Assessing movement patterns
The chocolate, cheese and mountains are all great reasons to visit Switzerland, but my reason for making the journey was to meet two Frenchmen. Aigle is where Volodalen set up its Sportlab which, through a clever mix of knowledge and technology, meets the needs of athletes and sports professionals.
I walk into the centre, which occupies the ground floor of a small building, and enter a light and welcoming room. On the left there are exercise bikes and a weightlifting bench, in front of me a treadmill and everywhere there are our old friends, Qualisys cameras.
Everything is neat and tidy and you can sense the attention to detail: from towels embroidered with the colours on the walls, even down to the shoes worn by Cyrille Gindre who welcomes me. Cyrille is the founder of Volodalen and also a doctor of biomechanics who has written several weighty tomes on running.
Volodalen organises trials, coaching and exertion tests, trains athletes and carries out research and development in the field of movement sciences, among other things.
Here you can learn to understand yourself in terms of mobility. The Qualisys system put in place by Trinoma enables movement to be analysed to work out each person’s motor habits.
Cyrille explains to me that studying how a person runs links in with many everyday movements, such as how you pick up an object. There are two types of runners, aerial and terrestrial, both of which have their own advantages and disadvantages. He also stresses that there is no single ‘right way’ to do things, but rather several, which I will come back to later. Thibault Lussiana, also a doctor of biomechanics, takes over to discuss the practical side. A test starts by placing 35 markers at strategic points on the body. They will then be caught by eight cameras that will then transmit a 3D view of the movement onto the screen in front of the treadmill. At the same time, lots of data is collected to make a number of different calculations, including vertical oscillation or the horizontal movement of the elbow. Recording an athlete’s movement means that their stride can be analysed, alongside other tests that are performed to obtain information such as VO2 max or MAS. So after just one short spell on the treadmill, everyone can leave with a huge volume of information enabling them to understand themselves in greater detail.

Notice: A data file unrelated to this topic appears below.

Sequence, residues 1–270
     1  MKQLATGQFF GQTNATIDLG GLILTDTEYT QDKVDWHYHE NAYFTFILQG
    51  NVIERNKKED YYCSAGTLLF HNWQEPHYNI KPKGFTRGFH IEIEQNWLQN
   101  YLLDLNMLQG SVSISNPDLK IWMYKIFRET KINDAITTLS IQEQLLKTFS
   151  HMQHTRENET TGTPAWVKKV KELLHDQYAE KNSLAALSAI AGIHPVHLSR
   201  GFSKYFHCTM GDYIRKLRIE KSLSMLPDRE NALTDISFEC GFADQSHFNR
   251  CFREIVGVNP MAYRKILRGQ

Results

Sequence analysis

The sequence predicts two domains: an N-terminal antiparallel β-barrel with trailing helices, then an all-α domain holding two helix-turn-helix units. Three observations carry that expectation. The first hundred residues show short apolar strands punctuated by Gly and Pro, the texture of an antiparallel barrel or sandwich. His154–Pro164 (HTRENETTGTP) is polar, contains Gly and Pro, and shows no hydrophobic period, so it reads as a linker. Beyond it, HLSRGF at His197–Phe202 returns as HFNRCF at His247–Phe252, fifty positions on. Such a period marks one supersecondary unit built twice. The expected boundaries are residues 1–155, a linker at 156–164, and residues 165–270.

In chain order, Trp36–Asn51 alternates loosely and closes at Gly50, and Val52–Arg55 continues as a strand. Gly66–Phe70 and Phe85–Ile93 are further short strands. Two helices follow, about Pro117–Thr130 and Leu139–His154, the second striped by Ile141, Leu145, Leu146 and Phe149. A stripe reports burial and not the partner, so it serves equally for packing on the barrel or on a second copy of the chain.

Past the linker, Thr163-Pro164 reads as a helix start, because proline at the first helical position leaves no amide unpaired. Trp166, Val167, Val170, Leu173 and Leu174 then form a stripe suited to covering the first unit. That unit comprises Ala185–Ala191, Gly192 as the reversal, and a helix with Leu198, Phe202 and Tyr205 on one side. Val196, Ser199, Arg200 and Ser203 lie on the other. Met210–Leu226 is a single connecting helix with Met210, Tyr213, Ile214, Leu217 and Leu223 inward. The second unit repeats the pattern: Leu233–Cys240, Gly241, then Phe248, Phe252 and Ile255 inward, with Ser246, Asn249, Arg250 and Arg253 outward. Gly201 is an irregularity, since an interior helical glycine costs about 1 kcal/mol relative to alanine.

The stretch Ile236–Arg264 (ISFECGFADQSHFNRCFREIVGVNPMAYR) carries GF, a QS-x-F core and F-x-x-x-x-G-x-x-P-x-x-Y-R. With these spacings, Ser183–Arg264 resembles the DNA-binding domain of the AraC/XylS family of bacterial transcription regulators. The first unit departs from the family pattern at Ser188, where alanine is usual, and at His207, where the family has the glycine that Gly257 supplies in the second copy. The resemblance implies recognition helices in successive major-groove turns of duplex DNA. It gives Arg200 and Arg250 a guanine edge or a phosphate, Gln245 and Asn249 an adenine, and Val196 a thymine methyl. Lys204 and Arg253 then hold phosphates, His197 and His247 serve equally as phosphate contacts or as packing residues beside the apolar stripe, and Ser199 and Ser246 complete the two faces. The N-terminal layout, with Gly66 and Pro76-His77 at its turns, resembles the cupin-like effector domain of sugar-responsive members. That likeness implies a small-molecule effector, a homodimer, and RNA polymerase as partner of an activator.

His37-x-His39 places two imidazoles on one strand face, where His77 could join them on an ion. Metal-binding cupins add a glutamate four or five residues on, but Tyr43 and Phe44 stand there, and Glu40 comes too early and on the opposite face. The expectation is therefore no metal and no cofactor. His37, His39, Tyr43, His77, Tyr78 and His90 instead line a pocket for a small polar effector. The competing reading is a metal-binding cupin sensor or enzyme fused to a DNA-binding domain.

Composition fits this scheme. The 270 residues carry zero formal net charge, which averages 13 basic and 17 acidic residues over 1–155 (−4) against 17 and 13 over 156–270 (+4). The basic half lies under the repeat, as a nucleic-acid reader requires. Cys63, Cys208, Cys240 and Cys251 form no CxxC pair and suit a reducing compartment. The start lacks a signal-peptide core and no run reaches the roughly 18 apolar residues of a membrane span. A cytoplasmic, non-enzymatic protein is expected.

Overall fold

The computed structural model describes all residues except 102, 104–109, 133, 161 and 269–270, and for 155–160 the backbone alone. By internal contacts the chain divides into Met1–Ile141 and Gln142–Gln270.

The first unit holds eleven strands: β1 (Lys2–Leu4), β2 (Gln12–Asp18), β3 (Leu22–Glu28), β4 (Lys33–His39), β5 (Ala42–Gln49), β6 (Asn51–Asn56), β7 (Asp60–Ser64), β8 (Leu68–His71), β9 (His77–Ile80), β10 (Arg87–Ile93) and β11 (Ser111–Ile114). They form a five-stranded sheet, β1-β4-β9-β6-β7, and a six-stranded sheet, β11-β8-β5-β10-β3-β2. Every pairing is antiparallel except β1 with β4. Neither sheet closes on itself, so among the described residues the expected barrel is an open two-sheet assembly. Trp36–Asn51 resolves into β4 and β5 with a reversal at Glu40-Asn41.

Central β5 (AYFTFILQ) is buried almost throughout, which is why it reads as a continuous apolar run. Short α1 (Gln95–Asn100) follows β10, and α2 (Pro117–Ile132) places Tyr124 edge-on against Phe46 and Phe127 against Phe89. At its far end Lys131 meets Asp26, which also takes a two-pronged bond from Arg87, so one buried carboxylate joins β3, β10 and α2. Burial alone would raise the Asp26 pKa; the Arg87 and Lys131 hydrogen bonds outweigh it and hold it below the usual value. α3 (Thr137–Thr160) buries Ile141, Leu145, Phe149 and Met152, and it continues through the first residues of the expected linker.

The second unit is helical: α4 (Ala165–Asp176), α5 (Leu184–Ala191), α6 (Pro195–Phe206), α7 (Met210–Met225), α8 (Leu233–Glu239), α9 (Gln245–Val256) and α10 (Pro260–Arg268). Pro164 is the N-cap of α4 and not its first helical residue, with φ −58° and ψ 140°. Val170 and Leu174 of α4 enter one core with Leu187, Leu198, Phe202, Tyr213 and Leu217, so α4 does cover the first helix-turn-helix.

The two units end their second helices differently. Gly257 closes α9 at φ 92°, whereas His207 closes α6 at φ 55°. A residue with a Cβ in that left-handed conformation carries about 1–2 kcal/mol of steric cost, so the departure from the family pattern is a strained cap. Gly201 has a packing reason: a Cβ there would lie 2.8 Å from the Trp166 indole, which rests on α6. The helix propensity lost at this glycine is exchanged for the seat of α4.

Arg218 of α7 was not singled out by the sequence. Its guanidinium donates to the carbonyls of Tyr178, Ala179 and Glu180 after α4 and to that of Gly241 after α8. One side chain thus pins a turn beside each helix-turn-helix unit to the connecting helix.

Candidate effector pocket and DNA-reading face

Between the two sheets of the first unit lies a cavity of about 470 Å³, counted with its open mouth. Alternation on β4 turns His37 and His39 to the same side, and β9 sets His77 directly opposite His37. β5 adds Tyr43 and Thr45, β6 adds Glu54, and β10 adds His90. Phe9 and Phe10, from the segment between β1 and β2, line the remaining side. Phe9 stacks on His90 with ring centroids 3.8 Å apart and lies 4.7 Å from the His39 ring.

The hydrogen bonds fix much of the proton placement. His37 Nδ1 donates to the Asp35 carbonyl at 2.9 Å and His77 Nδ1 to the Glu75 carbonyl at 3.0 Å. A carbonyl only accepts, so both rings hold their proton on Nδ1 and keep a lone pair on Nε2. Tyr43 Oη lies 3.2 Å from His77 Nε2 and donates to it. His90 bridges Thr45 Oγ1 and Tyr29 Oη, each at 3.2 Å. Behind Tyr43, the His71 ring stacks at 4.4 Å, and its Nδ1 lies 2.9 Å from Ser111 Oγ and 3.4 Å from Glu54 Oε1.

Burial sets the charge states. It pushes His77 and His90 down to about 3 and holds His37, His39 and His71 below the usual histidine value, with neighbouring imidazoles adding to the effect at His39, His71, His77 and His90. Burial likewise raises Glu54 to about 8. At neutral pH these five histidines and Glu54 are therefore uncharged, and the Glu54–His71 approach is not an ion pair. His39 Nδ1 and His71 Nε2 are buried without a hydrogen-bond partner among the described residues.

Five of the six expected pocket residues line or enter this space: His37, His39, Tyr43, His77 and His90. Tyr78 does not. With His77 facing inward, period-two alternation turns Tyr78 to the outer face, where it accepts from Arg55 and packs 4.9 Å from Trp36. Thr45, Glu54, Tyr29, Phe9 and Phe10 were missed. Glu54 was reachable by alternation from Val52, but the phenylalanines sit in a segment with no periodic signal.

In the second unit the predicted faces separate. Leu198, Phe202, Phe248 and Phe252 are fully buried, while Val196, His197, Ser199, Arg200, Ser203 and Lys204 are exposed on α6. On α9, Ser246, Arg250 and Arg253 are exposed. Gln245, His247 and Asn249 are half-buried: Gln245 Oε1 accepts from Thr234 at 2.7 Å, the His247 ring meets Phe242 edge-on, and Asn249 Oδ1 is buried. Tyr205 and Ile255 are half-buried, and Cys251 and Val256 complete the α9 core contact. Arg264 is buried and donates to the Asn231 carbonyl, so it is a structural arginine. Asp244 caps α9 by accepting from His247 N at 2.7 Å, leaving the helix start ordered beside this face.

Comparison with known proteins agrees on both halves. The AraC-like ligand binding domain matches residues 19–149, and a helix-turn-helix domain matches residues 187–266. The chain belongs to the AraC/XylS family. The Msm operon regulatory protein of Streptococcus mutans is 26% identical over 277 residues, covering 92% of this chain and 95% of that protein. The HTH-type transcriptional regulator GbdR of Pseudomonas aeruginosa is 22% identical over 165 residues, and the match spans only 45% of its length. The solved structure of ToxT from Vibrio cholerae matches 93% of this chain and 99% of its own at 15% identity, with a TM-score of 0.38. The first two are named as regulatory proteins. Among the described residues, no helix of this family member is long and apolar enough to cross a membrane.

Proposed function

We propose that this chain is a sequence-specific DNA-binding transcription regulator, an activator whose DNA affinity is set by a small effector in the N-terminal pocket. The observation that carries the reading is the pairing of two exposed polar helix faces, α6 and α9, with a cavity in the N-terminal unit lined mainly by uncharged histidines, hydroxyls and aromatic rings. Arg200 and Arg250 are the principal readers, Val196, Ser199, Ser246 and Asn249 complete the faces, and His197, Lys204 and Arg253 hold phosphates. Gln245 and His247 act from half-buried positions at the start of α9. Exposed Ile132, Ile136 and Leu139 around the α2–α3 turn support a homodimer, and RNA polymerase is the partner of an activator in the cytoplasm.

… so you can go where you want to go
Once your motor ‘signature’ has been obtained in this manner, you receive tailored advice in line with your objectives and the type of sport you do. I found this particularly fascinating. It wasn’t a question of saying ‘do it like this and no other way’ or starting from the beginning again. For people who have a coach, this objective data collected by the Qualisys system is compared with the coach’s subjective view. The resulting discussion leads to the creation of adapted and innovative training. Moreover, this isn’t just limited to running. It can be applied to all kinds of sporting disciplines such as golf, cycling and football.
From figures to performance
Volodalen was able to count on Trinoma from the beginning of the project. The equipment was set up geared towards the constraints of the activity, and this, combined with the support provided throughout its use, enables movement to be easily quantified.
This system can therefore, thanks to Cyrille and Thibault’s know-how, provide athletes with a roadmap to improving their abilities.
The use of the 3d motion system in the Volodalen Swiss Sport Lab has considerably improved the assessment of the global movement pattern of individuals. Thanks to Qualisys and Trinoma, our scientific hypothesis can be tested with a relatively high confidence about the data given by the mocap system.Thibault Lussiana